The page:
Impact to date:
Initial indications report the infections began spreading across Europe, with first infections in the Ukraine, where over 12,500 machines were affected by the malware. Infections have spread across 64 countries so far, including Belgium, Brazil, Germany, Russia and the United States. The latest victims in the U.S. :
- Pittsburgh, where Valley Health Systems’ two hospitals were slammed, causing surgeries to be canceled
- The Law Firm of DLA Piper
- Merck Pharmaceutical
- Maersk Cargo – causing cargo delays
Source and nature of this malware
The current ransomware malware, called Petya/NotPetya, uses the same core components of the NSA released malware called Eternal Blue. This malware was released through faulty tax accounting software (MEDOC) updater service in the Ukraine. The malware attempts to spread to the existing network with wormlike capabilities, but does not try to propagate to other outside networks. The malware is a software supply chain attack, a recent trend with attackers. This new ransomware employs the same EternalBlue exploit used by Wannacry, allowing it to spread quickly between infected systems. It uses multiple techniques to spread, including one which was addressed by a security update previously provided for all platforms from Windows XP to Windows 10 (MS17-010). The objective of this ransomware is not so much to obtain bitcoin ransom as it is to steal credentials, impersonate users and exfiltrate sensitive data. Kaspersky believes that this malware campaign was not designed as a ransomware attack for financial gain. Instead, it appears it was designed as a wiper attack to cause widespread damage and render systems unbootable.
Specifics of the Petya/NotPetya malware:
- Installation: Initial infection involves dropping the MEDOC updater file “ezvit.exe” in a command line, and executing the following command line: C:\\Windows\\system32\\rundll32.exe\” \”C:\\ProgramData\\perfc.dat\”,#1 30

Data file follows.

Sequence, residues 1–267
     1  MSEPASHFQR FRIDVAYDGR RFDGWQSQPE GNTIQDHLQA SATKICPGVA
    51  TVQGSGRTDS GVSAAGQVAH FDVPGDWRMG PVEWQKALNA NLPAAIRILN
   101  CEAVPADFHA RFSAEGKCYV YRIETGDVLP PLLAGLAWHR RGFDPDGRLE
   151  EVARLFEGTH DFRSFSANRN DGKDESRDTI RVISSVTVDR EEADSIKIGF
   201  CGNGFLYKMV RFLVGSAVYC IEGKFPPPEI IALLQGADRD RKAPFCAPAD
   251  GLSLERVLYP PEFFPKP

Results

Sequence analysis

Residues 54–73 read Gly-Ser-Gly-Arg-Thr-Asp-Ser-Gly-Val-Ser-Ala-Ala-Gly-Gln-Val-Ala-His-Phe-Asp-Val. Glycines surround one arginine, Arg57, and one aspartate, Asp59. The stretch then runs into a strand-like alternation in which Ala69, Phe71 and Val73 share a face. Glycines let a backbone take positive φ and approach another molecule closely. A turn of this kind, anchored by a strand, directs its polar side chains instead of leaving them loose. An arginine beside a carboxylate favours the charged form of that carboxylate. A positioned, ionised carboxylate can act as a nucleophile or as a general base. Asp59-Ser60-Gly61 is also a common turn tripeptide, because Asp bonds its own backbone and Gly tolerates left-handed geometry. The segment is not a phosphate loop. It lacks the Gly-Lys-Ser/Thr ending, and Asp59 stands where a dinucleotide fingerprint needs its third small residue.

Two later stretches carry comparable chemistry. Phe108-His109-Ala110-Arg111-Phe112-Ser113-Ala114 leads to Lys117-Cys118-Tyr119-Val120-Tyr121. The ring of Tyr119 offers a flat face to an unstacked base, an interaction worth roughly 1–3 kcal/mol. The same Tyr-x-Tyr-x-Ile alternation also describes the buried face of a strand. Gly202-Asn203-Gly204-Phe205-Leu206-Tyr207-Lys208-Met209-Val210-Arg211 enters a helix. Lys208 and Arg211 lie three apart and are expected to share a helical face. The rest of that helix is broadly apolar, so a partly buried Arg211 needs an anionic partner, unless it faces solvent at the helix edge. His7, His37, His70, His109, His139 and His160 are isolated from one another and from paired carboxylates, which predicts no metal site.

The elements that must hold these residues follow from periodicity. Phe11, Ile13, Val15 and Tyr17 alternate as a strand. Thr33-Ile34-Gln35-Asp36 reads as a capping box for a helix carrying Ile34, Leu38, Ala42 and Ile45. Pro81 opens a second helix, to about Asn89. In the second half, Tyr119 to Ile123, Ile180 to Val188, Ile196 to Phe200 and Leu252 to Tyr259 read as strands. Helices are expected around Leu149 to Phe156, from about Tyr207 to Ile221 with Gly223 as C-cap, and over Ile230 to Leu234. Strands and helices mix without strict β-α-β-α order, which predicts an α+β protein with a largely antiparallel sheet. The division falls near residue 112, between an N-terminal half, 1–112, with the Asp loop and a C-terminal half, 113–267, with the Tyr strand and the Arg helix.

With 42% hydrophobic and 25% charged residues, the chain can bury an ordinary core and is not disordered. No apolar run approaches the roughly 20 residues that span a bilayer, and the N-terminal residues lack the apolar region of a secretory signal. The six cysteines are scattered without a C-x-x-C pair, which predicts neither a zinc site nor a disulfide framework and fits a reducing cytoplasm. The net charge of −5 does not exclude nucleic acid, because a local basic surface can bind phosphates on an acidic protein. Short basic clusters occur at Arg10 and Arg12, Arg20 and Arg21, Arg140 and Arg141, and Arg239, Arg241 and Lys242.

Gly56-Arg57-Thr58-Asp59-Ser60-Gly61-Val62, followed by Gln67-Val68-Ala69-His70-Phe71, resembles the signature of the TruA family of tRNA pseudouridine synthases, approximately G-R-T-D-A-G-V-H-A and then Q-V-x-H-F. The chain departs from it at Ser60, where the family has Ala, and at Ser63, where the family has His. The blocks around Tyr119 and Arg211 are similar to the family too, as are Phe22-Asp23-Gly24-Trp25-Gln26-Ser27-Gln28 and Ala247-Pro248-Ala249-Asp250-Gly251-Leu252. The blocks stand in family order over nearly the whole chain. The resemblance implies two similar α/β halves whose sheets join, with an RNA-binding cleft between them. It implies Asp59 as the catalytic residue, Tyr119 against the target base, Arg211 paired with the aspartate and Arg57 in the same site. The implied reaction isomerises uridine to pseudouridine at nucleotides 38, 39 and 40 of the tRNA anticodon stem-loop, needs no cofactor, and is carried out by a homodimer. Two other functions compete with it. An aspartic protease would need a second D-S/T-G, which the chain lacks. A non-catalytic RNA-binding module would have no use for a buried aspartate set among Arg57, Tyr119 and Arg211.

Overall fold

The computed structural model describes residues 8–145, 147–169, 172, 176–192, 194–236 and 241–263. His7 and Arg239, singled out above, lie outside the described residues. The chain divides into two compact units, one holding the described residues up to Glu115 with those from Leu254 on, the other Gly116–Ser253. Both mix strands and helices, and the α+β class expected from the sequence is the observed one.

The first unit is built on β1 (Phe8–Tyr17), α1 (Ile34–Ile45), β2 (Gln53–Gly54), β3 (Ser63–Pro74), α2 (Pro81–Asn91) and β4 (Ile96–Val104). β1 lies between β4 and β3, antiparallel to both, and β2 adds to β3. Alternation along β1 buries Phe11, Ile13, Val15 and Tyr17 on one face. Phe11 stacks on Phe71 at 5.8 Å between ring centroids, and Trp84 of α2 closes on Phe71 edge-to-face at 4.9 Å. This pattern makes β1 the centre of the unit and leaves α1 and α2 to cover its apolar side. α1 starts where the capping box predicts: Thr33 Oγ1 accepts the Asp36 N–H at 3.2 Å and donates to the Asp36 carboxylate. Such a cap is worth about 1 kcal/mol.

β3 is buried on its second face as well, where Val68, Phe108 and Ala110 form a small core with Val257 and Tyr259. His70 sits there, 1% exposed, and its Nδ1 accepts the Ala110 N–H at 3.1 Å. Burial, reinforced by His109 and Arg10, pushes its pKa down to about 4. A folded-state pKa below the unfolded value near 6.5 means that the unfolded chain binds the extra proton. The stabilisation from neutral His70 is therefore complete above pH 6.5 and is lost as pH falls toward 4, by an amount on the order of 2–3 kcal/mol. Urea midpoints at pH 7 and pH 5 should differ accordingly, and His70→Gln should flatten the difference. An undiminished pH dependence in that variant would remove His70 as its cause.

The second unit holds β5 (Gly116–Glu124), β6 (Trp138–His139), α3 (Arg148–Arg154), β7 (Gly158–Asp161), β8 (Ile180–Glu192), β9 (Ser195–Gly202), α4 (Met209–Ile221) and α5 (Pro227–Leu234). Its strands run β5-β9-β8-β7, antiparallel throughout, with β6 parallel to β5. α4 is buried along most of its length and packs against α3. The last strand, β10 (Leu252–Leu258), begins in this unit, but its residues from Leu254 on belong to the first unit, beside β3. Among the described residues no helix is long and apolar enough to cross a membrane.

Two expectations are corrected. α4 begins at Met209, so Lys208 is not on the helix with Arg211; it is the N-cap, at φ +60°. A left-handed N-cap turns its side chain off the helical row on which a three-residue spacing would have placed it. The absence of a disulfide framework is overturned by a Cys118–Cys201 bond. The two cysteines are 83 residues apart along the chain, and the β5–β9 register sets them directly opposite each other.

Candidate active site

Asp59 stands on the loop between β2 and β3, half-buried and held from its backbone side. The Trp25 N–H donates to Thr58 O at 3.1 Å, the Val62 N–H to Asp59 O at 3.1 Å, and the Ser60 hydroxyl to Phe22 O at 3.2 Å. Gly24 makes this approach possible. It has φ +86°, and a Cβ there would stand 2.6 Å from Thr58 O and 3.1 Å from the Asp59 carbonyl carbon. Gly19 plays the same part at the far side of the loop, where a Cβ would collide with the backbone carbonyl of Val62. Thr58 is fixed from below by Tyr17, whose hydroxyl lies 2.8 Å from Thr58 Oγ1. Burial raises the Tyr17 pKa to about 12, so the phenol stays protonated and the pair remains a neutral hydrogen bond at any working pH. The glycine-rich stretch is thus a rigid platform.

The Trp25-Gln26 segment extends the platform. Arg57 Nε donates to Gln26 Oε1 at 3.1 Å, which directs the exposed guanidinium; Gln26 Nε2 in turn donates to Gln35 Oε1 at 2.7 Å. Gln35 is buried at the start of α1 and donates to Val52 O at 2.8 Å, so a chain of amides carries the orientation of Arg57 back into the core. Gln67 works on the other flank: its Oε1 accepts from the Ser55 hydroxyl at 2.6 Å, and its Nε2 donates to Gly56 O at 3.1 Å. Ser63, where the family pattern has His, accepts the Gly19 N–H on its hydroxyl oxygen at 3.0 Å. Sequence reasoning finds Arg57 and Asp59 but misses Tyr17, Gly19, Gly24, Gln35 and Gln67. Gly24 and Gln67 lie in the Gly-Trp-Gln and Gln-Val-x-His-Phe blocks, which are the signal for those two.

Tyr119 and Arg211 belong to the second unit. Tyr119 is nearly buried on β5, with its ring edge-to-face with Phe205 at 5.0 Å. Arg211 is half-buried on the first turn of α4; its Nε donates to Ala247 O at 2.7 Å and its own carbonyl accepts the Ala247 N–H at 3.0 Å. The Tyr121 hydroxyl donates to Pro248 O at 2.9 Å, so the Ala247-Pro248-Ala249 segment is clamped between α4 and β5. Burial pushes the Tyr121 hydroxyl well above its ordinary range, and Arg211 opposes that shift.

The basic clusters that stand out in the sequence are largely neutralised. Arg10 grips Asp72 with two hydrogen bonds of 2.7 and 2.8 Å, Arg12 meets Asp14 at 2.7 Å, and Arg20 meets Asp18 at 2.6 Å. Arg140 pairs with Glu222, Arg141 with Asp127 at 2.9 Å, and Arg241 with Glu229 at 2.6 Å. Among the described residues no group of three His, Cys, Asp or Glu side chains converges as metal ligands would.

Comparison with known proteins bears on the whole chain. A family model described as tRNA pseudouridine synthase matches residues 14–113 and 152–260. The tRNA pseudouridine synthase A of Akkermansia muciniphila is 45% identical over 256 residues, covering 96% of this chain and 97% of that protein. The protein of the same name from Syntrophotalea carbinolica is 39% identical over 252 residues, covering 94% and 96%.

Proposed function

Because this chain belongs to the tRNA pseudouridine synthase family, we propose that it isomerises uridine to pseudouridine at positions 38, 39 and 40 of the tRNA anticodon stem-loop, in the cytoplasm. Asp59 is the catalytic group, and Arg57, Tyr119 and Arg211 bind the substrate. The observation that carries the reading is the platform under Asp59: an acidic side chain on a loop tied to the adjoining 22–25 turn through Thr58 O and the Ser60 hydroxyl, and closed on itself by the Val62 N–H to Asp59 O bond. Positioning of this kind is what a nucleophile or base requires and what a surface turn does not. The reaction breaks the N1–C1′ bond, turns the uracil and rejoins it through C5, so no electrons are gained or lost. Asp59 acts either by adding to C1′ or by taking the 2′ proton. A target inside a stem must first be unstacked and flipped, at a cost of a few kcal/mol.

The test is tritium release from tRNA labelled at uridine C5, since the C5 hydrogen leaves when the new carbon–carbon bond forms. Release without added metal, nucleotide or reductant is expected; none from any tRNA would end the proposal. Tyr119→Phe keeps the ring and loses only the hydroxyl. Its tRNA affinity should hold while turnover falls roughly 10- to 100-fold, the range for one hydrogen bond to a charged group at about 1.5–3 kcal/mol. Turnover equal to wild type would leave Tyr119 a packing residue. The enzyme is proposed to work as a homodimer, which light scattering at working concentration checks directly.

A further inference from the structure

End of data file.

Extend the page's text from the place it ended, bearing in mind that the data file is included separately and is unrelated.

The ransomware spreading functionality is composed of multiple methods responsible for:
- Stealing credentials or re-using existing active sessions
- Using file-shares to transfer the malicious file across machines on the same network
- Using existing legitimate functionalities to execute the payload or abusing SMB vulnerabilities for unpatched machines.
- Lateral Movement: This ransomware drops a credential dumping tool (typically as a .tmp file in the %Temp% folder) that shares code similarities with Mimikatz and comes in 32-bit and 64-bit variants.
Once the ransomware has valid credentials, it scans the local network to establish valid connections on ports tcp/139 and tcp/445. A special behavior is reserved for Domain Controllers or servers: this ransomware attempts to call DhcpEnumSubnets() to enumerate DHCP subnets; for each subnet, it gathers all hosts/clients (using DhcpEnumSubnetClients()) for scanning for tcp/139 and tcp/445 services. If it gets a response, the malware attempts to copy a binary on the remote machine using regular file-transfer functionalities with the stolen credentials.
It then tries to execute remotely the malware using either PSEXEC or WMIC tools.
The ransomware attempts to drop the legitimate psexec.exe (typically renamed to dllhost.dat) from an embedded resource within the malware. It then scans the local network for admin$ shares, copies itself across the network, and executes the newly copied malware binary remotely using PSEXEC.
In addition to credential dumping, the malware also tries to steal credentials by using the CredEnumerateW function to get all the other user credentials potentially stored on the credential store.
This ransomware also uses the Windows Management Instrumentation Command-line (WMIC) to find remote shares (using NetEnum/NetAdd) to spread to. It uses either a duplicate token of the current user (for existing connections), or a username/password combination (spreading through legit tools).
- Lateral Movement using SMB: The new ransomware can also spread using an exploit for the Server Message Block (SMB) vulnerability CVE-2017-0144(also known as EternalBlue), which was fixed in security update MS17-010and was also exploited by WannaCrypt to spread to out-of-date machines. In addition, this ransomware also uses a second exploit for CVE-2017-0145 (also known as EternalRomance, and fixed by the same bulletin). This ransomware also attempts to use these exploits by generating SMBv1 packets (which are all XOR 0xCC encrypted) to trigger these vulnerabilities.